Four Techniques to Promote Active Listening

Susan Ingram, Esq ( discusses four techniques she uses to promote active listening while mediating her divorcing clients.

In my last blog article, I discussed the role of Active Listening in conflict resolution. The importance of Active Listening cannot be overstated. It is only when both people listen in this way that they can begin shifting from their hard positions to more constructive ground where they are able to meet their own needs as well as those of the other person.

Here are some techniques that I use as a mediator to help my clients “get unstuck” and move their conversations to Level 2 (Active) Listening:

Reflecting: I reflect back what I believe I’ve just heard the speaker say. This gives the speaker an opportunity to confirm that I’ve heard it correctly or, if not, to explain it differently.

Restating: I may clarify, in slightly different words, what the speaker has said, if I believe the new language is more helpful. Then I’ll check with the speaker to make sure I’ve gotten it right.

Summarizing: At certain points, I may summarize where we are in discussing key issues. By doing this, I condense the concerns of the parties to what I believe are the essential points and ask for their input to make sure we are all on the same page.

Reframing: Sometimes I may reframe a particularly abrasive statement so that I am still getting at the core of the person’s concerns without including accusations or unproductive language that tends to take the discussion back to Level 1 Listening.

My goal in all of this is to give each of the parties an opportunity to speak about their concerns while I help them clarify their thoughts – so that both the listener and the speaker has a better understanding of his or her needs. This is very much of an organic process. During any given session, we may at different times go in and out of using these various techniques. Ultimately, Active Listening helps to build trust and empathy between the parties so that they can resolve their conflict in a more satisfactory and productive manner.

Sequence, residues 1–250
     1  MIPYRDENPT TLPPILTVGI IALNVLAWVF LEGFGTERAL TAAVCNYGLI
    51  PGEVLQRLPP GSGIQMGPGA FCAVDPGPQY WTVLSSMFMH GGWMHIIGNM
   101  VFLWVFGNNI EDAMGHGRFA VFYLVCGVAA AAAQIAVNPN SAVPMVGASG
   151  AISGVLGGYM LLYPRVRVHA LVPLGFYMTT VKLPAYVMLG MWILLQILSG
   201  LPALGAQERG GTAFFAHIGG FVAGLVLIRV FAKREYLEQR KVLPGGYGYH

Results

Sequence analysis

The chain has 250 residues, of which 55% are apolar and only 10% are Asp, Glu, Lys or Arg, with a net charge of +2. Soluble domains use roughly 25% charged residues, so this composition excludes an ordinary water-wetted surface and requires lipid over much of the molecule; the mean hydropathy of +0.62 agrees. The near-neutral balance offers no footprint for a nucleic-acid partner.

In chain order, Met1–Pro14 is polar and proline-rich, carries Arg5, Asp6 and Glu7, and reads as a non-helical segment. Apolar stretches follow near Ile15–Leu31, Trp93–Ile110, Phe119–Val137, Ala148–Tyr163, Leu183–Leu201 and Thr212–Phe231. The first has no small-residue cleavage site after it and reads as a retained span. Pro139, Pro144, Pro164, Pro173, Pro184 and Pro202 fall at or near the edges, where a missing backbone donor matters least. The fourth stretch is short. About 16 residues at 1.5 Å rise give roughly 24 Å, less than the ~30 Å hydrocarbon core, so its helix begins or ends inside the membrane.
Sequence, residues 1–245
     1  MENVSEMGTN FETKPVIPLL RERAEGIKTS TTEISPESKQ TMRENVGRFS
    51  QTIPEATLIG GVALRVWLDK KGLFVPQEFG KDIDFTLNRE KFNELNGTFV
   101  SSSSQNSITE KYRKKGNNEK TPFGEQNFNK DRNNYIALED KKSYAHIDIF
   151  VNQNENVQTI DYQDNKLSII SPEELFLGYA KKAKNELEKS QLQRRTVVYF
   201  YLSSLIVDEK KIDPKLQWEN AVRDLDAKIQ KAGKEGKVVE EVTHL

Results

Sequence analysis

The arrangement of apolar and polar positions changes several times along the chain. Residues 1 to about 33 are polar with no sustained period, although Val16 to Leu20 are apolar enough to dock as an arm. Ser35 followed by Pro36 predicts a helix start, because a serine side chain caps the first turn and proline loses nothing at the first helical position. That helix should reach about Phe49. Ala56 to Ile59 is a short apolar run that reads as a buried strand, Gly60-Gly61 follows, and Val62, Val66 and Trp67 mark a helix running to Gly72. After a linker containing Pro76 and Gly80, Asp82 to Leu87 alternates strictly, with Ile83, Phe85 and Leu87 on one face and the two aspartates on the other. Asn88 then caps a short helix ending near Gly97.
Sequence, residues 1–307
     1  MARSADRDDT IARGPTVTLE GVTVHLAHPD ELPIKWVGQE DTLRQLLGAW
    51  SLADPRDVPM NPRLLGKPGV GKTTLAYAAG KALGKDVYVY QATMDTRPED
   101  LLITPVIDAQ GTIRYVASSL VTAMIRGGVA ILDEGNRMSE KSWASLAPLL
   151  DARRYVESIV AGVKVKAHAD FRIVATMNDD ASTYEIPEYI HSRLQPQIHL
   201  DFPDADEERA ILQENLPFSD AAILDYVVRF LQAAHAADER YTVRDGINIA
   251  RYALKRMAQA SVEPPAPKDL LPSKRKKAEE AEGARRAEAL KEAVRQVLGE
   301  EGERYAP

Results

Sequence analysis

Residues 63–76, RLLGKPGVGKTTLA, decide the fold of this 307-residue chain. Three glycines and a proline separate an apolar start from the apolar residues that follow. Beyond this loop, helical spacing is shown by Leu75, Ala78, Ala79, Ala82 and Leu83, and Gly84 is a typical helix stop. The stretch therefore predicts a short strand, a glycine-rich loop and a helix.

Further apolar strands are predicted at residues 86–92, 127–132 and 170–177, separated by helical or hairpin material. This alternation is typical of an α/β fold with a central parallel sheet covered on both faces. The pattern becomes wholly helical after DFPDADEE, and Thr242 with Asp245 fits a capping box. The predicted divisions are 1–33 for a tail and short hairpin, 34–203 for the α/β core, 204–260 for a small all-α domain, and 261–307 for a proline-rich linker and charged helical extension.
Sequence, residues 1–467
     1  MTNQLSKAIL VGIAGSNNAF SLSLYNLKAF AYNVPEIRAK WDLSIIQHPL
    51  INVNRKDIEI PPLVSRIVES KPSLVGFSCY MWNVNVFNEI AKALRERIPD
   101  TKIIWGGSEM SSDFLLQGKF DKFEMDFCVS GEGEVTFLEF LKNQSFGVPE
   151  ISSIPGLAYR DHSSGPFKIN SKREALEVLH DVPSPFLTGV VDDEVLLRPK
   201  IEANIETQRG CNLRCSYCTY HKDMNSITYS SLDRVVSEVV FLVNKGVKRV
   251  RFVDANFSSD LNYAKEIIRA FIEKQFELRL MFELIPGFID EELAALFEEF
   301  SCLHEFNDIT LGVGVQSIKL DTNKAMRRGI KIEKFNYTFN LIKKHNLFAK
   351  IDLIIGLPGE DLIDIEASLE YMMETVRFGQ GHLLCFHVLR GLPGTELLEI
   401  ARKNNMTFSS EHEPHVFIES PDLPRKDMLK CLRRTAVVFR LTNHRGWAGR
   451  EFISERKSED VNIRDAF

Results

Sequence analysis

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5 responses on “Four Techniques to Promote Active Listening

  1. Karen

    Great article! Active listening is the key to developing a level of understanding that can lead to open honest communication and problem solving. You did a beautiful job of presenting this. Thanks.

  2. Ron Baker

    I have used Susan’s approach for many years and found it effective. It fosters collaboration, which is the end goal of mediation. Most people just want to know they are being heard, respected and treated with fairness.

  3. Jagoda

    These are core listening skills, Susan, and you do a nice job of simply and clearly laying them out. I thought you’d be interested in an exchange I once had. A man I worked with once told me that he found reflecting and restating by others of his words to be reductionistic. He preferred it when people demonstrated their understanding through their behavior: what they said or did next. This hasn’t stopped me from using such listening skills, but has increased my awareness about how they might across.

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